2. The Individual Defendants

As a matter of law, individual defendants may be liable under 42 U.S.C. §§ 1981 and 1983, the NJLAD and the New Jersey claims of false arrest, malicious prosecution and intentional infliction of emotional distress. Specifically, "a jury may be permitted to assess punitive damages in an action under § 1983 when the defendant's conduct is shown to be motivated by evil motive or intent, or when it involves reckless or callous indifference to the federally protected rights of others." Smith v. Wade, 461 U.S. 30, 56, 103 S.Ct. 1625, 1640, 75 L.Ed.2d 632 (1983); see also White v. Washington Public Power Supply Sys., 692 F.2d 1286, 1290 (9th Cir. 1982)("[p]unitive damages are available against individuals under sections 1981, 1983, or 1985(3)"); Roberson v. Bowie State Univ., 899 F. Supp. 235, 238 (D. Md. 1995)(finding that punitive damages are available under § 1981 only in individual, not official, capacity suits); Clark v. City of Macon, Georgia, 860 F. Supp. 1545, 1553 (M.D. Ga. 1994)(finding individuals can be liable for punitive damages under 42 U.S.C. § 1981). Moreover, the Court of Appeals for the Third Circuit has implicitly held that supervisors who aid and abet discrimination under the NJLAD can be liable for punitive damages. See Hurley v. Atlantic City Police Dep't, 174 F.3d 95, 128 (3d Cir. 1999)(vacating order of District Court which struck plaintiff's punitive damage claim against individual supervisor). Finally, employees of a municipality may be liable for punitive damages in cases of false arrest, malicious prosecution and intentional infliction of emotional distress, despite the immunity of the municipality. See, e.g., Marion v. Borough of Manasquan, 231 N.J. Super. 320, 333 (App. Div. 1989)(finding that public employees are not immune from punitive damages claims under New Jersey Tort Claims Act).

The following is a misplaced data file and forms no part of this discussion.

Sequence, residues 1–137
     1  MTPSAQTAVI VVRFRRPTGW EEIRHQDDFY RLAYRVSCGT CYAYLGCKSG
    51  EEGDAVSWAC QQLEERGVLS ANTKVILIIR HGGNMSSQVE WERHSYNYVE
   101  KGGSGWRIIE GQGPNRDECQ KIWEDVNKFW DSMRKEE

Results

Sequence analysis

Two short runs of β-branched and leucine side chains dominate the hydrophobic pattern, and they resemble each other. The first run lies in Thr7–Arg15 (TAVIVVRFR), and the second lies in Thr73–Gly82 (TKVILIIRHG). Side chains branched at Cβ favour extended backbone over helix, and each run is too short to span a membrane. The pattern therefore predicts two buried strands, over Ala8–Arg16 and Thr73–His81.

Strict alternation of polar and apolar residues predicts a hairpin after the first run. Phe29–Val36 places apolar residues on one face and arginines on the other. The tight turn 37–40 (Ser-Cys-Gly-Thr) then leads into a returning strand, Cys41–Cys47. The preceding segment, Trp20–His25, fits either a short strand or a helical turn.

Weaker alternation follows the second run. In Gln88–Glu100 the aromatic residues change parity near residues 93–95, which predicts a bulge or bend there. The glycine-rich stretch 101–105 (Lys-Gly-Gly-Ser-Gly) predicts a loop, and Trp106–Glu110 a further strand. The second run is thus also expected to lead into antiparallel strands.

As was set forth above, the issue of whether the actions or inaction of the defendants reached the appropriate level of recklessness or willfulness is generally a question for the jury. In this case, I find that Santiago clearly has met his burden of raising genuine issues of material fact as to the individual defendants' degree of conduct under New Jersey and federal law. Accordingly, I shall deny the motions of the individual defendants on Santiago's claims for punitive damages.

IV. CONCLUSION

The issues in this case, while not especially complex, have been clouded and complicated by the extremely poor advocacy of counsel. This Court has struggled not with legal issues, but with the impossible task of simply interpreting the convoluted and confusing briefs filed by counsel in support of, and in opposition to, summary judgment. It is this Court's hope and fervent wish that the quality of representation improves for the remainder of this case.